Institutional Investor, October 27, 2020, Sponsored by MacKenzie Investments.
An aversion to hype and commitment to value continue to drive performance at a pioneering environmental thematic manager.
You could say Greenchip Financial founders John Cook and Greg Payne were satisfied with their early days in the investment industry, but not overly impressed by what they witnessed. Undoubtedly, they both believed, there was something better and more appealing out there. It was the first tech bubble and its “prodigious waste of capital, the euphoria, the crazy valuations, and the answer to the inevitable crash being low interest rates and encouraging massive allocations of capital to arguably inefficient suburban expansion and real estate speculation” that left Payne disillusioned. He exited the investment world to pursue a Ph.D. in economics – uncertain if he would return.
For Cook, the epiphany had come a few years prior, and he ditched a traditional investment career with a big-name asset manager to lead development of a large non-profit tech incubator in Toronto. “When I finished at MaRS, I was looking for a business that was unrelated to investment management and that I could help grow,” says Cook. “And I was looking particularly at Canada and thinking about all the opportunities that would arise from the massive energy shift that would have to transpire for global sustainability.”
In 2007, Payne concluded that in order to stave off the worst effects of climate change and other environmental challenges, a massive global shift was necessary from fossil fuels to renewable energy, liquid fuels to electrons, and inefficient processes to efficient ones. About $2.5 trillion of new capital investment each year by 2030 would be required to finance the transition, Payne calculated. “I could reconcile a return to investing for an opportunity to influence the direction of capital to somewhere it really needed to go,” he says.
Cook and Payne met when they both joined an environmental private equity firm. They quickly determined they couldn’t raise enough money in the venture space to seriously address sustainability challenges to the extent they wanted – a realization that launched Greenchip in 2007. More recently, a relationship with Mackenzie Investments grew into a full partnership in 2018 with the launch of a strategy managed by Greenchip. Today, the strategy they oversee is pure, specialized and focused on a small subset of companies selling environmental products. It’s the farthest possible thing from greenwashing, and because of how they select companies, the strategy is ideal for diversification via a growing niche segment of the market.
II recently spoke with Cook and Payne about their approach to investing, how they’ve developed a keen sense for spotting value in the companies the strategy invests in, the state of play in sustainable investing today, and knowing when to steer clear of the hype.
What’s the difference between your strategy and what we’ll call a “basic” ESG investing strategy which might just look at companies’ ESG scores?
John Cook: We look at the revenues of businesses, and specifically whether those revenues are driven by selling environmentally superior products and services. We have a universe of 700 to 800 businesses. If you want exposure to the drivers of environmental challenges or opportunities, then you need environmental thematic investing because investing in banks and healthcare companies and FANGs that have nice ESG scores doesn’t give you that. When a lot of institutional investors think about environmental investing, they think of their private equity portfolios filled with, for example, clean tech infrastructure at one end of the risk continuum – say, a renewable utilities project – and at the other end of the scale basic ESG type equities strategies. What they have generally missed are opportunities in listed solutions providers in the middle.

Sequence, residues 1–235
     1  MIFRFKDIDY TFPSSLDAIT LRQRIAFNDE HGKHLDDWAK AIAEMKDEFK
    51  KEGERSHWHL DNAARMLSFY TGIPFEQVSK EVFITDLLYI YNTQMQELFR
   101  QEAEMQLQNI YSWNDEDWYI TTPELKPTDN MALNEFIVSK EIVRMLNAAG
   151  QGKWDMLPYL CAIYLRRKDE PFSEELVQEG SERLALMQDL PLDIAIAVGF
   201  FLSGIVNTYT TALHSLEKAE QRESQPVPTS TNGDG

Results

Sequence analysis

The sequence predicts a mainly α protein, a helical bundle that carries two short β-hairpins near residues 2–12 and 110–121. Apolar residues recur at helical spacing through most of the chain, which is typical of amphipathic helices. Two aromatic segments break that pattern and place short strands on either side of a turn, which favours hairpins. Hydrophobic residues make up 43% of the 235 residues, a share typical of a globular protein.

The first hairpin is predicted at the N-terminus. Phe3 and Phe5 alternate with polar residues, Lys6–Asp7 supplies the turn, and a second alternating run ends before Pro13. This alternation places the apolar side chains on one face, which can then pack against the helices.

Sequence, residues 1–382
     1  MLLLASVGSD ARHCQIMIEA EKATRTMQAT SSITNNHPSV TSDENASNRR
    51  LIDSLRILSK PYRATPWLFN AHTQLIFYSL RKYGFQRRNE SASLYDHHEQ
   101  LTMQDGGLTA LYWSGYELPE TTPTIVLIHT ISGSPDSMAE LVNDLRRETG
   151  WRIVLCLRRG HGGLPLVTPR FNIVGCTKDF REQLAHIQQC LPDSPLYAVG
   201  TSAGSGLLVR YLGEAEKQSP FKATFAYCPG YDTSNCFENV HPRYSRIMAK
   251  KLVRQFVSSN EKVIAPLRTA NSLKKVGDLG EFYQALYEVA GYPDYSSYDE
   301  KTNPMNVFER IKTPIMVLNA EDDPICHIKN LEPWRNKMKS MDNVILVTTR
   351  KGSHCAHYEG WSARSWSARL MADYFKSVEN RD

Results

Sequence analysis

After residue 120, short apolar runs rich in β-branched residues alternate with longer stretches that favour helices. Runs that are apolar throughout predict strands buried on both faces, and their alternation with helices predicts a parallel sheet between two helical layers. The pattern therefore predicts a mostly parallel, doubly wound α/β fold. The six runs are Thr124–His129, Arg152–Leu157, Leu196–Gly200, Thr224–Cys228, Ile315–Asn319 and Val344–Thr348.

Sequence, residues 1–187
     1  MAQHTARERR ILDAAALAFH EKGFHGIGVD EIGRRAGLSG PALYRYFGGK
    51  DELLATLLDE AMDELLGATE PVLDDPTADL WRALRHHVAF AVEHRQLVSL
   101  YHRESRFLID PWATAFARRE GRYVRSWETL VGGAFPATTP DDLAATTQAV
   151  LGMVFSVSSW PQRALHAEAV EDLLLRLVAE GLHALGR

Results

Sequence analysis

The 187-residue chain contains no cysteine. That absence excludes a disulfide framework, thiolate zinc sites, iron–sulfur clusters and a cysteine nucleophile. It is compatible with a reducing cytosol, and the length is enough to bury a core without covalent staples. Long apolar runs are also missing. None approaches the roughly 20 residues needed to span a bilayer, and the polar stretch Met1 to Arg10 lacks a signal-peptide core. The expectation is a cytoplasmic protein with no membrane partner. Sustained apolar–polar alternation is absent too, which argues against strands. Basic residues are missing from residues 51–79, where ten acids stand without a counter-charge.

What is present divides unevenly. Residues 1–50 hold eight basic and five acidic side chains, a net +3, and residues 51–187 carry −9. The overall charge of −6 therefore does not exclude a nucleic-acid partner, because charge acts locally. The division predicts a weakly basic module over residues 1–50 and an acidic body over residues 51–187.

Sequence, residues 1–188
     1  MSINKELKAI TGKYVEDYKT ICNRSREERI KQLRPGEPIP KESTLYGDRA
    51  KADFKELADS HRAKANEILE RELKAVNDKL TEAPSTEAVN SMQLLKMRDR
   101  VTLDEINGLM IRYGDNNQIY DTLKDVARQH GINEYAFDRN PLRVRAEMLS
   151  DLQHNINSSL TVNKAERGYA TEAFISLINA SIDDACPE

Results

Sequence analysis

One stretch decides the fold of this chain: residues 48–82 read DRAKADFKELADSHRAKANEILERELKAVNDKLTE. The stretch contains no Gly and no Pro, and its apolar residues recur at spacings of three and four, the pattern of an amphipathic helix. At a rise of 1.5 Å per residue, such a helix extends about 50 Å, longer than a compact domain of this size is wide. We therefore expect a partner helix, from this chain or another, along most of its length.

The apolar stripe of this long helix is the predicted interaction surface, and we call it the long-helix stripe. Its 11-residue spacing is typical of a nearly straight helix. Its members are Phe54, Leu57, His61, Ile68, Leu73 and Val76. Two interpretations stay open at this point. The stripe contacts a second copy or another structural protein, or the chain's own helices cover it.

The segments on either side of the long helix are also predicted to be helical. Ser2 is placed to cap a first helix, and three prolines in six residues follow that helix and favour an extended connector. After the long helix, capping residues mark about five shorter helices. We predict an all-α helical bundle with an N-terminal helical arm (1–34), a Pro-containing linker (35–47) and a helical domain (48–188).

Greg Payne: Companies like the FANGs that beef up their ESG scores are some of the biggest corporate consumers of renewable energy. Our approach is a very specific and positively focused investment strategy that benefits when corporate management and ownership push companies in the direction of general ESG improvement, and in doing so make decisions to buy products and services from the types of companies that we invest in.
Given your history and track record, do you still hear some investors say they worry about sacrificing returns in the name of sustainability?
Payne: We heard it a lot at the beginning, and I’d say we’re still in the middle of the risk continuum John just mentioned. But we do have a track record for more than 10 years where we don’t believe returns have been sacrificed, and lately environmental companies and indexes, and our peers, have been getting increased attention. Year after year increases in electric mobility, and the dominance of renewable energy relative to other forms of electricity are also getting people’s attention. So, we don’t hear the question about sacrificed returns very often anymore.
Greg, it has been more than 10 years since you made the $2.5 trillion calculation – where are we at in terms of getting there? And since you first made that calculation, have the goalposts moved farther out?
Payne: We’re at about $800 billion in new capital being invested each year, and that $2.5 trillion was calculated for 2030. On the other hand, $1 of investment in wind and solar today will get you what $5 or $10 would have in 2007 when that calculation was first made. At the time, we thought there would be a good cost curve decline, but for solar and wind that curve has gone faster and further than we could’ve imagined back then. And we are constantly seeing further advances – cost curves on batteries, for example, or in the use of bio materials as an alternative to petrochemicals. In short, the evolution of cost efficiency leaves room for optimism.
In the context of your investment philosophy and strategy, has the pandemic revealed anything new or reinforced any your existing thoughts?